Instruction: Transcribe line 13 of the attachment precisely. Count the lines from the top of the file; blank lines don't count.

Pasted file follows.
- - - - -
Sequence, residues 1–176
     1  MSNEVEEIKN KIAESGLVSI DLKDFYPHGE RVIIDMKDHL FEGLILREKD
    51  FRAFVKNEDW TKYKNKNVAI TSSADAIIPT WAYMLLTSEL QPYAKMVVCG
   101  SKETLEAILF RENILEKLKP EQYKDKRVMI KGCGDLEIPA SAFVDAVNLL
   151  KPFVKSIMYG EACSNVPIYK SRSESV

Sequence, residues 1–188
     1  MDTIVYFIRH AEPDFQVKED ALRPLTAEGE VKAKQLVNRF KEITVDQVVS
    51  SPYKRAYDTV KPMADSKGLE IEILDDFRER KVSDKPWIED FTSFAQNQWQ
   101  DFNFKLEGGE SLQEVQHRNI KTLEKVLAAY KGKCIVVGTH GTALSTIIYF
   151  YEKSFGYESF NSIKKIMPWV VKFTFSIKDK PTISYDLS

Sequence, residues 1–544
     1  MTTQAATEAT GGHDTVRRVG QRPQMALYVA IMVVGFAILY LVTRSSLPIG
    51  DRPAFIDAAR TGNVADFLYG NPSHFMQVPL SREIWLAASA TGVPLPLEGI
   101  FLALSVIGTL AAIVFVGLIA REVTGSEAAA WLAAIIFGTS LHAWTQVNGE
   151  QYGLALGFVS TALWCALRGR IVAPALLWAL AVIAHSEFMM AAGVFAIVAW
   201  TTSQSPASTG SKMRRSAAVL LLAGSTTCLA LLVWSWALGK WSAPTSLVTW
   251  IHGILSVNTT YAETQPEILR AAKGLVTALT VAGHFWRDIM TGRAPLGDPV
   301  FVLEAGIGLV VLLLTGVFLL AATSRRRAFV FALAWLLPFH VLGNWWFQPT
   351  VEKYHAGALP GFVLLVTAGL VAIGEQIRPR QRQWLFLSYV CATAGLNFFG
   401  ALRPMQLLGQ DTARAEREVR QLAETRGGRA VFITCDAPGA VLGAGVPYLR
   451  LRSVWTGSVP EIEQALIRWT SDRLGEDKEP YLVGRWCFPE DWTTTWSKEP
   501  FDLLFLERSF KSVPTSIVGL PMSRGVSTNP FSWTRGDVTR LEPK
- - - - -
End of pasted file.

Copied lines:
    51  DRPAFIDAAR TGNVADFLYG NPSHFMQVPL SREIWLAASA TGVPLPLEGI